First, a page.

And as I do this podcast more, what I realize is that the point of it is as best one can precisely not to editorialize on politics, but simply to try and record cultural movements as they are, and as best one can, to try to understand why people come to the conclusions they do, and while not to view it through the now-ideologized term, empathy, at least view them with sympathy. One famous musician put it like this: be aristocrats in art, but democrats in life, and as best one can, don't judge people too harshly for coming to a different point of view than yours. It's not just that it's uncharitable, it's also boring. Inveighing against the excesses of ideological movements is not just incredibly tiresome for the listener, it's also tiresome for the talker. What I've come to realize as I've just barely matured is that it's much, much more intellectually satisfying to trace people's thoughts to their roots and do one's best to understand why people believe what they believe. Whether or not I agree or disagree is, in some sense at least, immaterial to any subject at hand, and the more I do this podast, I realize that the by keeping the editorial voice to a minimum about politics, the more extremely I can editorialize when it comes to works of art, which I think is i a hundred times more interesting than politics on its most exciting day. We live in an age when everything is interpreted through the distorting lens of ideology, so rather, as so many people today do, than making political movements the lens through which we judge art, let's make art the lens through which we judge politics and the world.

But at the same time, 'as best one can' doesn't mean that you leave your opinions behind. What we think is what we think, and I suppose that part of the reason I do this podcast is because it goes without saying that I just so happen to believe that I see the world at least a little bit more clearly than most people do. That doesn't necessarily mean I'm more perceptive, and certainly there are all manner of ways in which the vast majority of people are much more intelligent than I am. But when it comes to seeing the things of the world in the context of the other things of the world, I do think I do a reasonably good job of it. I've gotten plenty wrong over the years, but unlike most people, I keep a very long tab of where I've been wrong and do what I can to scrupulously admit it. When I think of how bad I predicted things would get in the next year, I feel a little humiliated, like I'm histrionic boy who cries wolf at the sight of a puppy chihuahua. But history never stops, and even if the world shakes to nowhere near the extent I worried it would so far, who can deny that it's shaking very hard?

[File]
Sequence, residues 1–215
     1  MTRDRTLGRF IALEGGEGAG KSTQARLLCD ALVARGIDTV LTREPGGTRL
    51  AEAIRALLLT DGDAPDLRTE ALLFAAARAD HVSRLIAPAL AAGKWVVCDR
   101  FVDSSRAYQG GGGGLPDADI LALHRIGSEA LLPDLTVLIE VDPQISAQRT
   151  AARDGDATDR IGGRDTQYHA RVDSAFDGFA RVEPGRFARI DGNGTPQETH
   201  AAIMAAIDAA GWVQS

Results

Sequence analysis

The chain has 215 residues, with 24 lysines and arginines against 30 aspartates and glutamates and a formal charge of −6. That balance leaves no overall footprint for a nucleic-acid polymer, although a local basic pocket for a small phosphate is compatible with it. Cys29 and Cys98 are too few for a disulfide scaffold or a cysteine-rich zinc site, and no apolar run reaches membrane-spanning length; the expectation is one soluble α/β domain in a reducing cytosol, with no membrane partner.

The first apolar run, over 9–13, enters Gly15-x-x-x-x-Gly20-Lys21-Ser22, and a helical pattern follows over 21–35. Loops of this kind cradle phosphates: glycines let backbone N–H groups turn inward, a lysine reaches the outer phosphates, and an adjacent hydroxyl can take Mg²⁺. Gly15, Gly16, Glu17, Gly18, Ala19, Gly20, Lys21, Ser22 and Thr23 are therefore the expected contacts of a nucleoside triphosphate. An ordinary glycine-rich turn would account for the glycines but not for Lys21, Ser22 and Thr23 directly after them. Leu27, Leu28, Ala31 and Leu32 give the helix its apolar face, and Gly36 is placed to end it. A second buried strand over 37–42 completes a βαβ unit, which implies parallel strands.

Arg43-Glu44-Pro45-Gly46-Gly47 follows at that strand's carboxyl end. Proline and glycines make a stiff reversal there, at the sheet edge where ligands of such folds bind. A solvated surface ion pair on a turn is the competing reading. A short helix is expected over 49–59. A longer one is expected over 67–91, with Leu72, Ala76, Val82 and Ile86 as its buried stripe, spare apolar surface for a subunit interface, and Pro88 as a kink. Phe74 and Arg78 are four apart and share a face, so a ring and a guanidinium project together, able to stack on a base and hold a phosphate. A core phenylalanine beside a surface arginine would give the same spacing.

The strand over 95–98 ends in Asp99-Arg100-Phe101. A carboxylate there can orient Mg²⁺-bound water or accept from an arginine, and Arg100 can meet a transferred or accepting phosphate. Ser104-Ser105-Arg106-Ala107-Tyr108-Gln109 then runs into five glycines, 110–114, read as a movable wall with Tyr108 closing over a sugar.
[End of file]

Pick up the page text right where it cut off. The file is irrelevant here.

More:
Politically, I suppose it goes without saying that I'm not of the Right, I'm certainly not of the Left - and I'm reminded more of that every day, but I'm not really a person of the center either. I'm a centrist in the sense that I find ideologies in general to be loathesome things that destroy people's independence of mind, but ideologies are poison because they warp people's individuality, not the people themselves. By pointing trollish and angry fingers at individual people rather than the intellectual forces that warp them, and I still won't sugarcoat that word, I've become the intolerance of which I'm so intolerant. As best we can, we have to understand each other, especially when we disagree. The only alternative to greater sympathy is greater hostility, which can only end in violence.